Q&A: Heidi Wood, Managing Director, Morgan Stanley
Heidi Wood is the senior equity analyst in aerospace, defense, and defense electronics and directs global equity sector coverage, coordinating with London- and Singapore-based research teams.
Describe your career path?
During my twenties, I lived primarily overseas. I was a Navy kid. I loved chess and was very competitive. I wanted to enjoy my work so I tried a number of different jobs early on. I wanted to find my passion, something I could do for the next 20 or 30 years.
By process of elimination I decided to become a Wall Street analyst. I liked the idea because it provided a scoreboard whereby I could see how I was doing. In research you have the ability to make a call and get it right or wrong. This tapped into my competitive spirit and was invigorating.
I had three job offers and was hired as a junior associate covering the defense sector. It's an exciting sector because it's always in the news and is impacted by politics. I knew I'd found a home in aerospace and defense. Before Morgan Stanley I worked at two other sell-side firms. I've been in research for 17 years and at Morgan Stanley for the past 11 years. My work has enabled me to be on an F-18, in front of missile defense agencies, comment to the Secretary of Defense, and meet with people at the Pentagon. We have a great culture at Morgan Stanley, which has supported me as I've risen in my career. They've been instrumental in helping me become the first female aerospace analyst in 40 years in the sector.
Describe your role at Morgan Stanley?
I am Morgan Stanley's authority on aerospace and defense. Our clients require advice and insights into which stocks to buy in various sectors. On the sell side I'm able to delve into a level of detail and develop relationships and insights that aren't possible on the buy side. My opinions and analysis are utilized by our clients to decide whether to buy, sell, or hold stocks. I get a high when I get something right ahead of the market and see that call get validated in stock price movements.
What'is a typical day like for you?
My days are always fast paced and exciting. I'm on the phone with traders on the floor who are buying and selling stocks, talking to clients and contacts at companies I cover. I'm also writing reports, delegating work to other team members or talking to colleagues about the industry. I speak to our strategists about the overall industry, asking them about the overall market and how it filters into their views on stocks. It's a combination of excitement and taking time to step back and gather my thoughts. I enjoy both facets of my work. The fact that it's unpredictable is great. I can plan my day but once the market opens there can be a completely different day ahead, based on a news item that could impact markets and which I'll need to write a report that provides analysis for clients and hopefully can tell them what it all means.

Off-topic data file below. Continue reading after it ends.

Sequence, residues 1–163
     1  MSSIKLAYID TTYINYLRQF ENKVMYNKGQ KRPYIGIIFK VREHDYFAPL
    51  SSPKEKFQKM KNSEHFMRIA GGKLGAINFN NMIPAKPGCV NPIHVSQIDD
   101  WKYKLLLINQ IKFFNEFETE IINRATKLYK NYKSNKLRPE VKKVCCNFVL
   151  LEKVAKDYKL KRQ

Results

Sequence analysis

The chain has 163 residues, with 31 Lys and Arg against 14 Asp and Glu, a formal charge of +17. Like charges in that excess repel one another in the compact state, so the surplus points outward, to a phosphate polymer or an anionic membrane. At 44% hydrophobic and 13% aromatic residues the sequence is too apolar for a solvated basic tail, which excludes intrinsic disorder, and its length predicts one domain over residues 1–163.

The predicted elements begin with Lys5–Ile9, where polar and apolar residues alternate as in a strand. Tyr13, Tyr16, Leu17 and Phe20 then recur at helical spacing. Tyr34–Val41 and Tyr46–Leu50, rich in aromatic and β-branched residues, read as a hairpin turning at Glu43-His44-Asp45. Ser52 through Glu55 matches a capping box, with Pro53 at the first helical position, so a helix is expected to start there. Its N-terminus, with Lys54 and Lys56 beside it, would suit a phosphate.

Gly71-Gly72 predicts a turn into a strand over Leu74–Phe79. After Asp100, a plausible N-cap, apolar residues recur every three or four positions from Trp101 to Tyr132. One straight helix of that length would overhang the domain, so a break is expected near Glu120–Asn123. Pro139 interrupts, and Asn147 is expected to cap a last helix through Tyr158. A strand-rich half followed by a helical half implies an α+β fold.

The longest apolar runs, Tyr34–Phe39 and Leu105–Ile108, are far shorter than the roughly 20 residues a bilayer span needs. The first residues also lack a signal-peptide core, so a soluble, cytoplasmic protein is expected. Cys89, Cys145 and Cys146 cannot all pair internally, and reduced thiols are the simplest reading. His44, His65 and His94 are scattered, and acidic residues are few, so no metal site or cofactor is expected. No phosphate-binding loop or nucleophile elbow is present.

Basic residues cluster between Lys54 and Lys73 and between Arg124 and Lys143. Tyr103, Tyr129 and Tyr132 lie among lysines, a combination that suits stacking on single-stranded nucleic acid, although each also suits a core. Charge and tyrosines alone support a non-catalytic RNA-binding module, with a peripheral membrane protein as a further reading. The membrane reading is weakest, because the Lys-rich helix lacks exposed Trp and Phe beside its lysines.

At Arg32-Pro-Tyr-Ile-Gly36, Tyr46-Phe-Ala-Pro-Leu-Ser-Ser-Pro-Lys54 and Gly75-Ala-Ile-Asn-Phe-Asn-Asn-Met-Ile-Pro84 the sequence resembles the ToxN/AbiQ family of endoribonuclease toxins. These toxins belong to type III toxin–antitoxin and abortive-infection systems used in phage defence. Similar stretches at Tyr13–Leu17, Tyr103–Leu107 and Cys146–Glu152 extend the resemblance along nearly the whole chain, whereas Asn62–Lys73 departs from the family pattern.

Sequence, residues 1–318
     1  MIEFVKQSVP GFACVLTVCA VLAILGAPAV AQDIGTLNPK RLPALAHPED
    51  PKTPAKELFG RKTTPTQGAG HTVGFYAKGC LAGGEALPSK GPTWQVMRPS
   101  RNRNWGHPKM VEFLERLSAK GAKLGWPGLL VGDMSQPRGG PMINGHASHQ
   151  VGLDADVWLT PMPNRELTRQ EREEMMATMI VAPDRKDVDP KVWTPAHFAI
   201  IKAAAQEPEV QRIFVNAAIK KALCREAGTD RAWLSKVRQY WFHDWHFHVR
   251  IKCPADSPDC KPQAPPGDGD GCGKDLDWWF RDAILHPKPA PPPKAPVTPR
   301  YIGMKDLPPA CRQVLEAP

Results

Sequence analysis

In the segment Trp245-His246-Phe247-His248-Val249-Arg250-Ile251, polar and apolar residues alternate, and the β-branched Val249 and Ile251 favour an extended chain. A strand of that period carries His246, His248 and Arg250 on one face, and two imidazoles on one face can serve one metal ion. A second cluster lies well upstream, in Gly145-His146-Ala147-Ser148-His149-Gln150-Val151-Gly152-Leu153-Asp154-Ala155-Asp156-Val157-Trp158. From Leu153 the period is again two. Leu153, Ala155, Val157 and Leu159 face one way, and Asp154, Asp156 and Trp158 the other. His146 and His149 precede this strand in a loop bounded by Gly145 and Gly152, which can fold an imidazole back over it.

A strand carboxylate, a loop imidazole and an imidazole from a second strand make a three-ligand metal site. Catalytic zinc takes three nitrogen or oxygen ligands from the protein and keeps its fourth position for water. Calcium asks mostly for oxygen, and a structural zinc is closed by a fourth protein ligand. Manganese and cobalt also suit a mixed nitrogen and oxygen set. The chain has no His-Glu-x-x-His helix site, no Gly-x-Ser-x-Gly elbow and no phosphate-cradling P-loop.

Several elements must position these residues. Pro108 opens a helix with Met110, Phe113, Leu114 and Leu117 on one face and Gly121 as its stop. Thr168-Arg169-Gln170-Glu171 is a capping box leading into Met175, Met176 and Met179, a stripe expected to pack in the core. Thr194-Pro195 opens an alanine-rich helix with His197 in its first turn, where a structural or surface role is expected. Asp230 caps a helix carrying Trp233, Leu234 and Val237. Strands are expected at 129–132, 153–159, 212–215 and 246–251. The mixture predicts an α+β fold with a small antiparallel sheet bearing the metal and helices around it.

What advice do you have for an up-and-coming research professional?
It's a very specific career so you need to know a lot about yourself and whether it's right for you. The work is intense and it can wear you down. There can be three to five days a week where you get very little sleep. This can be exciting for many people but after a few years you want to slow down. For undergraduate students, I'd recommend refining your accounting skills, and building your questioning and listening skills. Train yourself to think as originally as you can. Read books and teach yourself that what you may observe may not be what it seems. Be curious and interested in figuring out what is happening behind the scenes and investigate. Your job is to figure out the spread between what is true and what isn't. Many people are trying to obscure your ability to get to the truth.
What are the most important skills for a career in research?
You need to have a basic understanding of finance. To be successful, it's helpful to have a competitive, entrepreneurial spirit. You should be comfortable working both individually and as part of a group. Also, you should have an insatiable curiosity. You must also be able to pick yourself up when you fall because you will assuredly make mistakes.
What should people wanting to work in research be doing to prepare, i.e. groups to join, networking, reading?
To break in requires perseverance. It took me a while to get into this business. The walls are high and can only be scaled by those who are determined. Don't let "no" stop you. You need to be persistent until you are able to break in or scale the wall. I get dozens of calls from people asking about job openings. Usually I have to tell them I don't have any openings. I never hear from most of them ever again. One of the best ways to differentiate yourself in a competitive world is the ability to persevere and consistently follow-up in cases where you have an opportunity to break in.